The Election of South Korea’s New President, Jae-in Moon

The Election of South Korea’s New President, Jae-in Moon

On May 10, 2017, the Republic of Korea elected its 12th President: Jae-in Moon. Moon is elected after his predecessor Park Geun-hye’s impeachment. Moon was the chief of staff to the Republic’s 9th President, Roh Moo-hyun, from 2003 to 2008, and also was a member of the 19th National Assembly (2012-2016). Moon had previously contested for the presidency in 2012, but he lost to Park Geun-hye by a narrow margin.

Park was removed from office on March 10, when judges unanimously voted for the parliament’s decision to impeach her over a corruption scandal. Park was allegedly leaking classified information to a close friend, Choi Soon-sil, to help generate a personal profit. This allegation generated momentum as protesters swarmed the streets of Seoul, demanding Park to step down. Despite Park’s public apology, the people of South Korea were thoroughly enraged by her corruption.

The country’s newly elected President vowed to be more assertive about North Korea’s nuclear missile program. However, unlike Park, who stressed on preventative measures, Moon made it clear that he was willing to negotiate with North Korean representatives through “dialogue”. Furthermore, Moon indicated that if the circumstances are appropriate, he would be willing to meet with North Korea’s dictator, Kim Jong-un.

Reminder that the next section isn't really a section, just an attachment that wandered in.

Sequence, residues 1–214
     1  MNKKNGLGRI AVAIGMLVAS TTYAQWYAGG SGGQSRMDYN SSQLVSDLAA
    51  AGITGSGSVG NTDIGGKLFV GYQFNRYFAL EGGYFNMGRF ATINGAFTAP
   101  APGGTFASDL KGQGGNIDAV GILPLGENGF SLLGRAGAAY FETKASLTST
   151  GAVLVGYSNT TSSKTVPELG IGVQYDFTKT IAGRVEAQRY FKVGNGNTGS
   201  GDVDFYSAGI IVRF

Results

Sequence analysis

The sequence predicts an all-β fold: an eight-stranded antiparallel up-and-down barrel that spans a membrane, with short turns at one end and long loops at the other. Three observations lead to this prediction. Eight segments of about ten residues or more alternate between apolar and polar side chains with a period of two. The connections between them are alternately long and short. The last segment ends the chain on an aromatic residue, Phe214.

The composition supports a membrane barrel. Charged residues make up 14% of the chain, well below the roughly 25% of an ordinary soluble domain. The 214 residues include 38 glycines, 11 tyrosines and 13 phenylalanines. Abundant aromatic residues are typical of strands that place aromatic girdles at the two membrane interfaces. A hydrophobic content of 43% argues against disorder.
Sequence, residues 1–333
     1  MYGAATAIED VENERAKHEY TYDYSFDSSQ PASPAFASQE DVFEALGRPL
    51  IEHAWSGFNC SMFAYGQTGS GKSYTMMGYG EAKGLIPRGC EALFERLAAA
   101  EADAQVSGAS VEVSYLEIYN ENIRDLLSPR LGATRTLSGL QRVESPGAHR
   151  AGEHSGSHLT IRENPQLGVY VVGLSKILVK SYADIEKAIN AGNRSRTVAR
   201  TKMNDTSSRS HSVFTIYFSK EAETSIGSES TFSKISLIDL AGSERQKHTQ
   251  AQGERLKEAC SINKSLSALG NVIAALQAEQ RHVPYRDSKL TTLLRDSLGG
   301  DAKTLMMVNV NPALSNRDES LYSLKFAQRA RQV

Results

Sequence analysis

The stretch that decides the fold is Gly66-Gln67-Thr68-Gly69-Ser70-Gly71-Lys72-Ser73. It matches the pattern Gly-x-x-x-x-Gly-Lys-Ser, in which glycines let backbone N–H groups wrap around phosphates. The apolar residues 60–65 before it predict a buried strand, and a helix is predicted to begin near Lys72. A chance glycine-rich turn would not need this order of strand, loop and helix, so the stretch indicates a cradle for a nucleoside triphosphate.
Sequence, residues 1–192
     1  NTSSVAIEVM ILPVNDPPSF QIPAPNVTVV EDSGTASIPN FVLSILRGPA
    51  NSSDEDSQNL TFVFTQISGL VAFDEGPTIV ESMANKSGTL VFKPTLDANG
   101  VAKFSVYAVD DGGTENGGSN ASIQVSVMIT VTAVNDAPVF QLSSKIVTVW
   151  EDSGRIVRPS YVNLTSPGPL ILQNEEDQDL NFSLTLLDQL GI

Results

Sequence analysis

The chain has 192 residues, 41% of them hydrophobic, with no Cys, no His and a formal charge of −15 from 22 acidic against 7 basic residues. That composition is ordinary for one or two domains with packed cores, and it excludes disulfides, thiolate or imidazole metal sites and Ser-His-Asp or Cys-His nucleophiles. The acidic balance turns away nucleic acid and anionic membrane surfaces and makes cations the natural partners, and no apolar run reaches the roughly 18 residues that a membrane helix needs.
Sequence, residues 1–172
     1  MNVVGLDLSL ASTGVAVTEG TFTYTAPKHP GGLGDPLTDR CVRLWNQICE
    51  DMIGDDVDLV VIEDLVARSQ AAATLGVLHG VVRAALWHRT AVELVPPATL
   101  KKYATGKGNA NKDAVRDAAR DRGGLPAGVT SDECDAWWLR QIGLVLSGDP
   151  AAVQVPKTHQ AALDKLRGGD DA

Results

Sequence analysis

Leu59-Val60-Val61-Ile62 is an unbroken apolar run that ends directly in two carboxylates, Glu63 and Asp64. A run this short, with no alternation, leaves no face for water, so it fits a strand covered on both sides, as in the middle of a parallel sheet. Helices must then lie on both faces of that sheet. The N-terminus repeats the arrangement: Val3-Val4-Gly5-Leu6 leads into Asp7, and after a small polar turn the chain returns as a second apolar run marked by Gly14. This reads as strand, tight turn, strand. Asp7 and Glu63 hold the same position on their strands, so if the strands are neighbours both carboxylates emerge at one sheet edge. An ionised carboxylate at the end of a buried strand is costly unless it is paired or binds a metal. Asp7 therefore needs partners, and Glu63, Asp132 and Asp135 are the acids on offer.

On the other hand, North Korea fired a missile on the morning of May 14. The test object flew 700 miles and landed into the Sea of Japan. Moon said in the presidential office that he strongly condemns this action because it is a “clear violation” to the U.N Security Council Resolutions. While Moon still believes that dialogue can be used to negotiate with Kim Jong-un, it’s less likely that it will happen in the near future.

Other than his policies on North Korea, Moon reaffirms his pledge to strengthen the alliance with the United States. However, he also hint a desire to restore friendly relations with the Republic’s largest trading partner, China. His attempt to seek a diplomatic balance between Washington and Beijing seems rather overreaching because the deployment of American missile defense system (THAAD) caused a wave of anti-Korean movement within China.



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